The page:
A Subsurface Taj Mahal: Seismic Geomorphology Calibrated with Core and Log Data Provides Key Building Blocks for Modeling Tidally-Influenced Estuarine Deposits in the Gulf of Cambay, Western India
Lesli J. Wood, Satyashis Sanyal, Nikhilesh Dwivedi, Stuart Burley, 2010. "A Subsurface Taj Mahal: Seismic Geomorphology Calibrated with Core and Log Data Provides Key Building Blocks for Modeling Tidally-Influenced Estuarine Deposits in the Gulf of Cambay, Western India", Seismic Imaging of Depositional and Geomorphic Systems, Lesli J. Wood, Toni T. Simo, Norman C. Rosen
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The present day Gulf of Cambay contains several prolific oil and gas fields in paleo-Cambay estuarine deposits. As these fields mature, there is a need for an improved understanding of their geological framework to enable secondary recovery methods to be employed to optimise recovery. Although traditional seismic interpretation is suitable for structural analysis, a more integrated approach employing multiple tools is necessary if an accurate understanding of these stratigraphically complex depositional systems is to be achieved. A geocellular model using Petrel software has been constructed for the Miocene oil reservoirs of the Lakshmi Field, Gulf of Cambay, integrating quantitative seismic geomorphologic interval analysis with well log facies interpretation, depositional and petrophysical facies from core, and observed production relationships between the eleven wells available in the field.
Studies of the modern environments in the Gulf of Cambay, analog studies of outcrop and other modern systems, and direct seismic morphologic and log analysis of the intervals of interest provided a depositional framework for populating the static stratigraphic model with seven facies. Log correlation panels based on regional flooding surfaces and mapped sequence boundaries were integrated with seismic horizon mapping and seismic geomorphologic interpretations to produce a multi-meter thickness grid of zones for Petrel modeling. The framework was constrained by engineering data and the interpreted connectivity relationships between sands.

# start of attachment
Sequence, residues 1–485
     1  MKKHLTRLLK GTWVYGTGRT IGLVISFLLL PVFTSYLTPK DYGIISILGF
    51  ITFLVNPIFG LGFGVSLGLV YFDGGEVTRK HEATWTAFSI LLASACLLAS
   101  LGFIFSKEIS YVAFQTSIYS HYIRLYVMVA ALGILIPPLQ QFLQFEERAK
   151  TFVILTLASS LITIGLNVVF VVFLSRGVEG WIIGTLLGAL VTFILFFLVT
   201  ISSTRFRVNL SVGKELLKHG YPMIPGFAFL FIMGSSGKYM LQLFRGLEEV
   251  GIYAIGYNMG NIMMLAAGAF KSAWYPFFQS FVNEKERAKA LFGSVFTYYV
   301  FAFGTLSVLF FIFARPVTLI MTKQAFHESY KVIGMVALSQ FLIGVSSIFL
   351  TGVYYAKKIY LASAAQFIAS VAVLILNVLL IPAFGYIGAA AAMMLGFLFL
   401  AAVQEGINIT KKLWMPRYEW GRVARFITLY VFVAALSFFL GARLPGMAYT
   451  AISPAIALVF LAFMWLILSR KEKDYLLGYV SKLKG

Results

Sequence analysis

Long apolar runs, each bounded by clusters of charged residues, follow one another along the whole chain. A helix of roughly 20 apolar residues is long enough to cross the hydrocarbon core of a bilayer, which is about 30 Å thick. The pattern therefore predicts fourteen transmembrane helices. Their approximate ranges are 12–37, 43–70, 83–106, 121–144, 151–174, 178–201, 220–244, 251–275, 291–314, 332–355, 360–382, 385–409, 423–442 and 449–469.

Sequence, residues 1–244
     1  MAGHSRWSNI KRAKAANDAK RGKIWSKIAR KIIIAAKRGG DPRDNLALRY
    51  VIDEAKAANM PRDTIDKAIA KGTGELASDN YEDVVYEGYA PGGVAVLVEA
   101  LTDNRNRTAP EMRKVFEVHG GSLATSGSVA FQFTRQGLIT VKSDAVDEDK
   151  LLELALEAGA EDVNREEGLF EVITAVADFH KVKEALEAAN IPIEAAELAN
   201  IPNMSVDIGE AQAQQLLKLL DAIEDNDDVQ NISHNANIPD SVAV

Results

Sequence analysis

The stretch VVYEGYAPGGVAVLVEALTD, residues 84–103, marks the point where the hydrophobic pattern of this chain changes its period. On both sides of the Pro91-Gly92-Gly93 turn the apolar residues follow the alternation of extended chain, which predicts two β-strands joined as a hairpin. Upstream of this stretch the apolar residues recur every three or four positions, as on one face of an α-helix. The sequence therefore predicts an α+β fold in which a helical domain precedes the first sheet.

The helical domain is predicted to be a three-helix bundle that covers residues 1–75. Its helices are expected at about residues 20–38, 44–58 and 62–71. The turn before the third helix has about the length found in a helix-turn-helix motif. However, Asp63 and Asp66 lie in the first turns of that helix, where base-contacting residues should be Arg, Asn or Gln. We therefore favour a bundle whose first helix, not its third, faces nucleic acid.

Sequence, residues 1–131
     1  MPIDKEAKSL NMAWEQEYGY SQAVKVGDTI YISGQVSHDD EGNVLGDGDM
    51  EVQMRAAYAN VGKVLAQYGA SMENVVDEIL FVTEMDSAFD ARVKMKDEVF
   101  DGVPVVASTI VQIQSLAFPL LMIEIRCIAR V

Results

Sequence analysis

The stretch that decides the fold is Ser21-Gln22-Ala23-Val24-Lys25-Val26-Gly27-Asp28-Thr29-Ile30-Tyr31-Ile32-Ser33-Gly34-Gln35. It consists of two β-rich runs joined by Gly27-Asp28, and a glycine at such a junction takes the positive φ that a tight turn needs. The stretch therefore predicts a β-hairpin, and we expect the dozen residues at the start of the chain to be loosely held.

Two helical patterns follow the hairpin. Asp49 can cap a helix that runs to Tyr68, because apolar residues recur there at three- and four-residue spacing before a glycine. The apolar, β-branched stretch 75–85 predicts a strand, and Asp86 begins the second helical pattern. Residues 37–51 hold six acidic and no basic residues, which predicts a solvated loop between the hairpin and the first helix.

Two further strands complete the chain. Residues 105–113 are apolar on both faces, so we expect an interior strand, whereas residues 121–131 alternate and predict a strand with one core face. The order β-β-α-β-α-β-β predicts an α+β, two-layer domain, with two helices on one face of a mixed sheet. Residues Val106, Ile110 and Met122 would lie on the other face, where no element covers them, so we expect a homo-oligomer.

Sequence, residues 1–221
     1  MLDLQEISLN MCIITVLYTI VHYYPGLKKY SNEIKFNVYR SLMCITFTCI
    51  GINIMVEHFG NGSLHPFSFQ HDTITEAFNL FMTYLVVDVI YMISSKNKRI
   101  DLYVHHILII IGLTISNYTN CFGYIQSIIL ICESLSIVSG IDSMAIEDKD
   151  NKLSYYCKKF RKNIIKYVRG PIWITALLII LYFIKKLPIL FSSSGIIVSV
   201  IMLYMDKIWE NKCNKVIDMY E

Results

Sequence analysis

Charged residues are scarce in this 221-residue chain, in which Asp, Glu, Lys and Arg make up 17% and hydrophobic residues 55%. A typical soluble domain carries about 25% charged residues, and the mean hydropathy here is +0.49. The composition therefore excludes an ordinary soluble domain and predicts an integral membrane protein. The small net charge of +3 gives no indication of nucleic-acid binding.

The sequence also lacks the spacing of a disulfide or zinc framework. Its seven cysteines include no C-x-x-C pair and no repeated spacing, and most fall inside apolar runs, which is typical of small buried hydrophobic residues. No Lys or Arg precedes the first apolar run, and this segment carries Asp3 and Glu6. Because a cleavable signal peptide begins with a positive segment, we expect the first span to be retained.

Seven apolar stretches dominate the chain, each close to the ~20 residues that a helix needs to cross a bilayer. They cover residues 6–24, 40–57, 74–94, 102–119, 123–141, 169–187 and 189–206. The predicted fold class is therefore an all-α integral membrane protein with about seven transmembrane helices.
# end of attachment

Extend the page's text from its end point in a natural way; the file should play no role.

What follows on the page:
Results of this work demonstrate that the Miocene stratigraphy in the Lakshmi Field comprises two large erosion and valley-fill cycles, with the lowermost estuarine fill comprising three parasequence sets. Each parasequences contains tidal bar, tidal channel, estuarine distributary channel, tidal flat and mud flat depositional elements. In more proximal areas, bay head delta elements are thought to be developed. The tidal flat elements show the development of two sub-elements; tidal flat channels and associated crevasse splays. Since structural closures parallel depositional dip, it is important to recognize the elements (depoforms) and their spatial relationship to post-depositional trap orientation.